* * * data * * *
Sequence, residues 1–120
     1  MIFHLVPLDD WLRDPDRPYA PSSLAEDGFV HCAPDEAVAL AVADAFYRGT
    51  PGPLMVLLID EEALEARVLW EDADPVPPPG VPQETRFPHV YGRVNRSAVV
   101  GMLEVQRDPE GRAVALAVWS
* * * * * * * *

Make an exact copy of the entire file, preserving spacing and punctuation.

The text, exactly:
Sequence, residues 1–120
     1  MIFHLVPLDD WLRDPDRPYA PSSLAEDGFV HCAPDEAVAL AVADAFYRGT
    51  PGPLMVLLID EEALEARVLW EDADPVPPPG VPQETRFPHV YGRVNRSAVV
   101  GMLEVQRDPE GRAVALAVWS